2021’s first notable surge of Saharan Dust is mere days away, beginning on Monday evening with a brief, mild surge. However, by the mid to end of the upcoming week, concentrations will be at mild to moderate levels, lingering into the weekend.
For now, across the country, air quality is at good levels with visibility at 10 kilometers as of 6:00 PM Saturday 16th January 2021.
The Environmental Management Agency (EMA) air quality monitoring stations are recording AQI values at levels that are good in Trinidad and Tobago based on PM2.5 (particulates the size of 2.5 micrometers and smaller, usually associated with increases in Saharan Dust, vehicle exhaust, and smoke) and PM10 particulates.
The Saharan Dust Forecast
Until Monday afternoon, no surges of Saharan Dust will be affecting T&T. Between Monday evening and Tuesday evening, a brief surge of Saharan Dust will move across T&T, possibly reducing air quality to moderate levels.
Between Tuesday and Wednesday evening, air quality will briefly improve before a more dense surge of dust arrives. Concentrations will persist through the weekend, with gradual improvement between January 24th through January 25th, but another surge will arrive late January 26th into the 27th.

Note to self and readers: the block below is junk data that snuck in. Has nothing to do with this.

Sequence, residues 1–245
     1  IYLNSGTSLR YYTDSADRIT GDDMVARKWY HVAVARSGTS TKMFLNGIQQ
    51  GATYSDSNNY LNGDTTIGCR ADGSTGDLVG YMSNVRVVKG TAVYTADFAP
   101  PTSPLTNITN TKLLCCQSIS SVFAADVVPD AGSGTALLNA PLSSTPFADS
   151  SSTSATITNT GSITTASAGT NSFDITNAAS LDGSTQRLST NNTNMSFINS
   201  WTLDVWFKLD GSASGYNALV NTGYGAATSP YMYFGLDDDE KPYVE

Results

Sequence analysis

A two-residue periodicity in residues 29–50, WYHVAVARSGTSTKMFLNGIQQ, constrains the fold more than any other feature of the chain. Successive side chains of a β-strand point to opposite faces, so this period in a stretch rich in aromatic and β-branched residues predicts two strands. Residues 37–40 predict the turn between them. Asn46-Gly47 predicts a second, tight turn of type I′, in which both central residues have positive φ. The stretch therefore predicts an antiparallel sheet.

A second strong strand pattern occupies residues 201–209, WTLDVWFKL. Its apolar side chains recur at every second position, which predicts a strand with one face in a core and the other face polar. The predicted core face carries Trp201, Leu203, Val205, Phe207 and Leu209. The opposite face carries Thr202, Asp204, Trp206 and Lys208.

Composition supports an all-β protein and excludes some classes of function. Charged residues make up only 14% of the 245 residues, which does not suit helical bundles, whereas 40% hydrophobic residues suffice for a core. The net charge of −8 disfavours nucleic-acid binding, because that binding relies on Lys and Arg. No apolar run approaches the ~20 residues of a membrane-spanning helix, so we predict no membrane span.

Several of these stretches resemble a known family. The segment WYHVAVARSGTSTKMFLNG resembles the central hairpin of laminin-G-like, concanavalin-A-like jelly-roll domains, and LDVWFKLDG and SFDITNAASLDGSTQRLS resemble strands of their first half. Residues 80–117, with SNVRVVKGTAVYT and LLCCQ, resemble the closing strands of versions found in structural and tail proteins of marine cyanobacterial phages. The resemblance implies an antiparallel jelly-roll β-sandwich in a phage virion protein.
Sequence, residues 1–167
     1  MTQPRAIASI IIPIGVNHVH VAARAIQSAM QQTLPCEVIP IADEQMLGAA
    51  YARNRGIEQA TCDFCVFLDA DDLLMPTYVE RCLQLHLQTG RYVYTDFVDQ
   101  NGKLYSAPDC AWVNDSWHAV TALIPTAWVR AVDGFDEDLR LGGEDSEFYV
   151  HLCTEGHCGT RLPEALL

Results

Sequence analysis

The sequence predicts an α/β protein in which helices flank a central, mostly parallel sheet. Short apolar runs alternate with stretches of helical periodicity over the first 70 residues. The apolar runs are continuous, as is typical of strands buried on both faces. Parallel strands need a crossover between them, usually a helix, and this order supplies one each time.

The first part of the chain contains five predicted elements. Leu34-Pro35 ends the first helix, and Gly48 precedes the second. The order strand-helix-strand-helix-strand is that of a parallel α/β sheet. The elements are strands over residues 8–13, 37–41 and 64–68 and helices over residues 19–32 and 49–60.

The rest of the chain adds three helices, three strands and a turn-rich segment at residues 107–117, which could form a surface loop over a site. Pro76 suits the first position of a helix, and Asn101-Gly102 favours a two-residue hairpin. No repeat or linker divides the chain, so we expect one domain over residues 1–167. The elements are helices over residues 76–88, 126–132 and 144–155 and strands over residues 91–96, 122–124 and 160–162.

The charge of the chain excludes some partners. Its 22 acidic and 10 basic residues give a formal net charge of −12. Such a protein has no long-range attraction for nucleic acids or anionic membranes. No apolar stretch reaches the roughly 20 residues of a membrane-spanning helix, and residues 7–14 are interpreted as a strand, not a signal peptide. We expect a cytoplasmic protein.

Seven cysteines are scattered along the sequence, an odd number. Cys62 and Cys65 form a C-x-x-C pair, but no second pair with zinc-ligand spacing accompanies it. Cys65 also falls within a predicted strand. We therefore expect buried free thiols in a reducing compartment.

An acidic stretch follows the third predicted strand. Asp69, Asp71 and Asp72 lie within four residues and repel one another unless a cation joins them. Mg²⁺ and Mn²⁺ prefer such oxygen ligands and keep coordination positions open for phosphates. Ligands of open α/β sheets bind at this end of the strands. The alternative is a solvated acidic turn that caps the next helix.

Based on the latest dust modeling, air quality across Trinidad and Tobago is forecast to remain at good levels until Monday evening. After Monday, through much of the upcoming week, air quality will vary between good to moderate levels, possibly reaching levels that are unhealthy for sensitive groups in areas where high traffic or fires occur.
What does this mean for you?
For the general population, with little to no Saharan dust concentrations forecast, little to no impacts are forecast until late Monday.
From late Monday onwards, for the general population, with mild to moderate Saharan dust concentrations forecast, little to no impacts are forecast beyond reduced visibility. For sensitive groups, such as children, the elderly, and persons who suffer from respiratory ailments and allergies, you may need to avoid prolonged exertion outdoors.
We’re in a period where a ridge of high pressure stays over the central Sahara Desert, and the Intertropical Convergence Zone (ITCZ) remains over the Gulf of Guinea.
The Harmattan wind accelerates when it blows across the mountain massifs of Northwest Africa. If its speed is high enough and it blows over dust source regions, it lifts the dust and disperses it.
Dust that makes it into the upper levels of the atmosphere can then get transported across the Atlantic Ocean and affect the Eastern Caribbean.
These Saharan Dust outbreaks tend to be milder in the Eastern Caribbean than the dust outbreaks associated with West African thunderstorms driving dust into the upper atmosphere from April through November.